Sorry for such a long comment, but this image brought me memories of my long-time ago studies.

    • I was happy to read your comments and that the post reminded you of your former studies. We never know what kind of connections our ideas and writing might have for a reader. Thank you for letting me know about this part of you.

    • Hi Maria. Thanks for the comment. Jim is right — we never know where our posts will lead or what memories they might inspire. Thanks for telling us your background and also more about OT. Needlework has long been used to occupy those with limitations. Quilting as I do it can be physically demanding. I’m glad to be in pretty good shape, as many parts of it would be so much harder if I were not. Thanks again.

      • Thank you Melanie! The image by Jim is so documentary and classic. Only great images like these evoke memories in me that otherwise would not surface.

  3. What an exceptional piece of art. I love the textures and the composition. I like the boundaries of it too because the eye is drawn in so as to see all the tiny details, the stars and the knots, the sunset colors and the ocean blues. Boy, I could look at this for a good long time. 🙂

    I like that you said being a leader, mentor or a parent takes creativity. It does. One has to find a way to reach the person’s head and heart and that takes thought and ingenuity…creativity. They are perhaps the most important artists we have. Very cool for you to have added them in there.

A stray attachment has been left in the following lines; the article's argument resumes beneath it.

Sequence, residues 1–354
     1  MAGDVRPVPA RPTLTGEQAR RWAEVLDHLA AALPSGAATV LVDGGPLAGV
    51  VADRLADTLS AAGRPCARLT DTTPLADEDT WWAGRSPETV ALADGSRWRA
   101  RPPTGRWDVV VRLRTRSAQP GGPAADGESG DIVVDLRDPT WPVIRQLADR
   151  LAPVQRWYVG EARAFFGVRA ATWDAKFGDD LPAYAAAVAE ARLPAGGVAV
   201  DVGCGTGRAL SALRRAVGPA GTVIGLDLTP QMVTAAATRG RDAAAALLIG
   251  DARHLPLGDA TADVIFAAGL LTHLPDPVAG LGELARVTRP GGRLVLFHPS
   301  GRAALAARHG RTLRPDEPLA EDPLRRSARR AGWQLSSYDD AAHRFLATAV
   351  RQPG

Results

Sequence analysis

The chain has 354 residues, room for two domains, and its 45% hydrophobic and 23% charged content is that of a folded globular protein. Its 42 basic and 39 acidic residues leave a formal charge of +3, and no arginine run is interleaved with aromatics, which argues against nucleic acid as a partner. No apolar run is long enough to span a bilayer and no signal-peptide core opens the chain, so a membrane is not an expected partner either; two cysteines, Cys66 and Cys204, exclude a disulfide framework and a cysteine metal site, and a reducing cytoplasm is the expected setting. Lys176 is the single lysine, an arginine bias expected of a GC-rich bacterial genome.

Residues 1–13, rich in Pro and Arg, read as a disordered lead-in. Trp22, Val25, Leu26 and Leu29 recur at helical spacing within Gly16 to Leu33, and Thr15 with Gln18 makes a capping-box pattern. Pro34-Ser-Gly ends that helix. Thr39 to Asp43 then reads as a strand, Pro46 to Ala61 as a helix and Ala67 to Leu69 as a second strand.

4. What a sweet post! Another amazing quilt from an amazing person. I suspect you will treasure that photo for a long time. The creative process really interests me. This weekend my husband and I were talking about how writers always hate being asked, “Where do you get your ideas from.” I kind of get that it is sort of unanswerable but I think people really are hungry to learn more about how the process works … like, what inspired them, do they have a routine, any idiosyncrasies. We live in a world that says to many that creative work is only for specialists where I think creativity is something we all share. I think when someone asks that question they are expressing a loss.

    • Indeed, I will treasure it. I agree with the thoughts about creating. Maybe too many people have their faces and minds buried in tv or social media. I find my mind is freer when I get away from them.

  5. Beautiful, Jim. I love watching people do the things that they love, and reading about them is great, too. Your post reminds me of so many people who work so hard to make sure the things they’re passionate about turn out well. Great post.

  6. Oh I just love this post. The only thing better than getting to see this gorgeous quilt is getting to see its creator standing before it. One day I hope to own a quilt by Melanie!